Election snapshot: With election fairness increasingly disputed, local skeptic takes matters into his own hands

“It can undermine voter confidence if it’s perceived that the only mechanism for verifying the integrity of our election is some random guy under a tent,” an Olmsted Township trustee said.

On Election Day, one local election integrity skeptic, Matt Luceen, conducted an independent exit poll outside of an Olmsted Township polling location to “double-check” the results of the election.   

Luceen said he started to lose faith in U.S. election integrity after the 2016 and 2020 Democratic primaries for President of the United States, where, despite his and others’ support for Vermont Senator Bernie Sanders, different Democratic candidates won the party’s nomination. Regardless of his apprehensions, he also said that he has no proof of the 2020 primary election not being fair.   

“I don’t know if I’m still a fan, but [Sanders] was filling stadiums. He was breaking donation records. He had the most people donating ever, so that should correlate to votes I think,” Luceen said.   

Riley Alton, an Olmsted Township Trustee and a legislative aide to Democratic State House Representative Bride Rose Sweeney, said he saw Luceen at the August primary while prepping for the Nov. 8 election. Alton said Luceen’s presence at polling places could have a negative effect on voter confidence.  

“It can undermine voter confidence if it’s perceived that the only mechanism for verifying the integrity of our election is some random guy under a tent,” Alton said.    

One self-identified Democratic voter that participated in Luceen’s exit poll told The Exponent that they did not know the poll was about election integrity. The voter, who wished to stay anonymous, said they did not believe there was any election fraud.   

“No, there’s not,” the voter said. “It’s ridiculous.”  

Seventy percent of respondents who voted for Donald Trump believed the reason President Joe Biden won the election was because of fraud and illegal voting, whereas only 2 percent of Biden voters believed the election results were because of those reasons. Luceen said he hates that election integrity has become a partisan issue and said that the media has done it purposefully by grouping together Covid-19 denial and election skepticism.  

At each polling location, election organizers attempt to staff an even number of Republicans and Democrats as poll workers, said Mike West, manager of the outreach department for the Cuyahoga County Board of Elections.   

Luceen said he wants more transparency, but he does trust the poll workers.   

“Just because you’re a Democrat or Republican that doesn’t mean you can’t be compromised,” Luceen said. “I feel like it’s part of the theater.”   

Luceen not only conducted an exit poll for this election, but also conducted an exit poll for the August primary. In the 2022 election, there were only 61 respondents to his poll, so Luceen said his exit poll will not prove anything.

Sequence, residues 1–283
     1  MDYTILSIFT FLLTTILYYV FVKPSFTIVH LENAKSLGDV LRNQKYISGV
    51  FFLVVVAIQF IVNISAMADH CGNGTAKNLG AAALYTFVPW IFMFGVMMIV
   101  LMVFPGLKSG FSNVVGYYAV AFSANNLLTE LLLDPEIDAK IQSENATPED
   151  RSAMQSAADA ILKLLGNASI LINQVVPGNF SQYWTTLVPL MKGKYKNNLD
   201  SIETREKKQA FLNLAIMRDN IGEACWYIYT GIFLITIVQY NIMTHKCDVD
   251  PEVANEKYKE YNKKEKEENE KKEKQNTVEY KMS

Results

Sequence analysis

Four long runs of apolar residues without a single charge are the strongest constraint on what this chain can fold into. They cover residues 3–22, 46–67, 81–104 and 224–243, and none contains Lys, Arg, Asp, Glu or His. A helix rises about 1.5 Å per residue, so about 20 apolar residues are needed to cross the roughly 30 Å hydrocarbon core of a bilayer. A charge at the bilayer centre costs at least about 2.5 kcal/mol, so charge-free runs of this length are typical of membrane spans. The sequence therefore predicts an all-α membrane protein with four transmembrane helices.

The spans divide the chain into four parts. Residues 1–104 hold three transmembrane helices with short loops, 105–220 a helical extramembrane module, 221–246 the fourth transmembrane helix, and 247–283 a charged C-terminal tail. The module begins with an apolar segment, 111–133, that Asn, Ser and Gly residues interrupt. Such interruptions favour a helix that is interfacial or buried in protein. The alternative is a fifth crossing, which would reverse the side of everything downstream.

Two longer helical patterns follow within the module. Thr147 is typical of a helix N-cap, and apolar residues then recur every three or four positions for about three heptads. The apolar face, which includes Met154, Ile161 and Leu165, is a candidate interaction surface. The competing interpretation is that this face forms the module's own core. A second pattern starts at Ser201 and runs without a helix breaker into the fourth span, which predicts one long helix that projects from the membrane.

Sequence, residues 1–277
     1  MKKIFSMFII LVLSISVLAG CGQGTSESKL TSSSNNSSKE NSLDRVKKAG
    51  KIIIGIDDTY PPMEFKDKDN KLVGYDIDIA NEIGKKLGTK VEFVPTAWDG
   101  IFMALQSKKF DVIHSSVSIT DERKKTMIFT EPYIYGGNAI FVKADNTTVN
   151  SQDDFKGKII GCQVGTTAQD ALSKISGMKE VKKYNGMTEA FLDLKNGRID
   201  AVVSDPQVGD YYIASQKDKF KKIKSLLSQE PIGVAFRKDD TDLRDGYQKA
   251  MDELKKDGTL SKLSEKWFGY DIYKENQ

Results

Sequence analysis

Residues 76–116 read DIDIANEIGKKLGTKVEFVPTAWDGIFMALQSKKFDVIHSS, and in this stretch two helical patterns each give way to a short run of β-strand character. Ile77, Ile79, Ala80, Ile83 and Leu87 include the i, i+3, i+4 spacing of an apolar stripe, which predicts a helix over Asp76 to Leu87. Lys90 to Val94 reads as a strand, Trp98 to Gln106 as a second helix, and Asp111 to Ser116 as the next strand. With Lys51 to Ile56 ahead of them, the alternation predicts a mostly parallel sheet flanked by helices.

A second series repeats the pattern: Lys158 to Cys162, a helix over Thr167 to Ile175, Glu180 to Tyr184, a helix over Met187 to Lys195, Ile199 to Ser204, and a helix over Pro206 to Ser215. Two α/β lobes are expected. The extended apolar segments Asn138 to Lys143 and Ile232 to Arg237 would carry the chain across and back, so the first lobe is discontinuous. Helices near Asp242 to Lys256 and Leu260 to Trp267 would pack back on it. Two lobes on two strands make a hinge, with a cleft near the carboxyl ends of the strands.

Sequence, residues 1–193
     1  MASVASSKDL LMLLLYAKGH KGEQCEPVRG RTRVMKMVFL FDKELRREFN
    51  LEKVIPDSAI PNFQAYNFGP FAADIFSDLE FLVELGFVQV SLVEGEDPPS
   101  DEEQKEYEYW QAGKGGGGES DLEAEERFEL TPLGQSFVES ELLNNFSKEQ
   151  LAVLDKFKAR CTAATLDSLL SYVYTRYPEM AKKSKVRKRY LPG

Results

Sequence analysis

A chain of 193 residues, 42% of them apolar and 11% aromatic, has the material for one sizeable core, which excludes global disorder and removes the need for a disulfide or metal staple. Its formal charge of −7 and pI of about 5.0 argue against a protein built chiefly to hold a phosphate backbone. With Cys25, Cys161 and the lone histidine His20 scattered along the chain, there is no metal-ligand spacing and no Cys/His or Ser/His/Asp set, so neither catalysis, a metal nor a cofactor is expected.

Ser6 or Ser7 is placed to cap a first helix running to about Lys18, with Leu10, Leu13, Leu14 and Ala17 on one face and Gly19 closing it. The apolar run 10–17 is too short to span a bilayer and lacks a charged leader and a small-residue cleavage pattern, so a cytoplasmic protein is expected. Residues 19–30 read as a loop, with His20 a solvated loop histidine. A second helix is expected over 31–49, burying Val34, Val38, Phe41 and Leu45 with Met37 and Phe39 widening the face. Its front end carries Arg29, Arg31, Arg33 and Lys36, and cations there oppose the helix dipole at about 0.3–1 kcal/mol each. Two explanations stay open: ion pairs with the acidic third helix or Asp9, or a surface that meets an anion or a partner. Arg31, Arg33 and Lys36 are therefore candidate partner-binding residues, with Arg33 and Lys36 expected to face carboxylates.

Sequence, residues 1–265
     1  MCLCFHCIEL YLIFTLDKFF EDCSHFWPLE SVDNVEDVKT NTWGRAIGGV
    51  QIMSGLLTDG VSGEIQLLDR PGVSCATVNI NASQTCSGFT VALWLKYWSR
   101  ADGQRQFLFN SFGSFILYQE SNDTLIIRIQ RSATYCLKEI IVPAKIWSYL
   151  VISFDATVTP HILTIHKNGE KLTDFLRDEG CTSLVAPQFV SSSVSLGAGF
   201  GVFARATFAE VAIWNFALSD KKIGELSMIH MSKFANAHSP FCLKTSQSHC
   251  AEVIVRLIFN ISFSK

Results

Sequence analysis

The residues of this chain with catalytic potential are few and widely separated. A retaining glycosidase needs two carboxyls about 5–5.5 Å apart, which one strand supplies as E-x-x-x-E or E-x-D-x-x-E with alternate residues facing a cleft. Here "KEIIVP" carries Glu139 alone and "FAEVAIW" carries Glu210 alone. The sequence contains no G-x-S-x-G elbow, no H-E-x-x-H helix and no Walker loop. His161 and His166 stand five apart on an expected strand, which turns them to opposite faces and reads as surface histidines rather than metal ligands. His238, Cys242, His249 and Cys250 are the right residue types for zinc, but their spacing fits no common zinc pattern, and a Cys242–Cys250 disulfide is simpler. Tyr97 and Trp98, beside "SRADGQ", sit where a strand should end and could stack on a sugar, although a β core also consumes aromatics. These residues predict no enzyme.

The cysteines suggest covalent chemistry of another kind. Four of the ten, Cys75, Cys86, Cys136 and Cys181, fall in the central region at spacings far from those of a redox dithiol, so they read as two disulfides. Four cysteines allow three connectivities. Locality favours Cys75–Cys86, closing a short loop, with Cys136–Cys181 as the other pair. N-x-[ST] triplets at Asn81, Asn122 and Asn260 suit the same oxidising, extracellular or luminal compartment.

“The trouble was, nobody wanted to tell him anything because he was just a self-appointed exit poller,” West said.  West said exit pollers are required to conduct the polling 100 feet away from the entrance to the building where voting occurs, but only one company, Edison Research – which administers all exit polls used nationally by news networks ABC, CBS, CNN and NBC – is provided with badges from the Cuyahoga County Board of Elections, which West said is done to make the sanctioned pollsters look more official and trustworthy to voters than a random person.   

“I find it very suspect that we have companies doing this kind of thing, but there’s no people doing it,” Luceen said. “I already don’t trust corporations to get news. I don’t know that I trust them to present exit poll results accurately either.”    

While many Donald Trump supporters stormed the Capital on Jan. 6 with the belief that the election was stolen, Luceen said some Sander’s supporters were planning a march at the capital around the same time to protest Sanders’ loss in the 2020 primary. He said the events of Jan. 6 stopped some of the Sanders supporters from attending, but a few days after the riots, Luceen went to a protest and held a sign that read: “Count our votes by hand. End the Charade.”  

Out of this interest in election integrity, Luceen signed up to be a poll worker in the 2020 primary election. He said at that time, some voters asked him to hand-count their ballots, expressing skepticism over the computerized voting machines. Luceen works at a large software company and said his knowledge about software led to his skepticism over the ballot counting machines.   

“I’m pretty experienced with computers and software and security and all that junk,” Luceen said.  “So, I had a fair bit of skepticism coming into this already.”   

Although Luceen had no teammates performing exit polling at other precincts, he said he wants to expand his operation by first focusing on his website.  

“All that difficult kind of logistical work, I want to get that automated on the website,” Luceen said. “And then it’s time to spread the word I think and get people doing this.”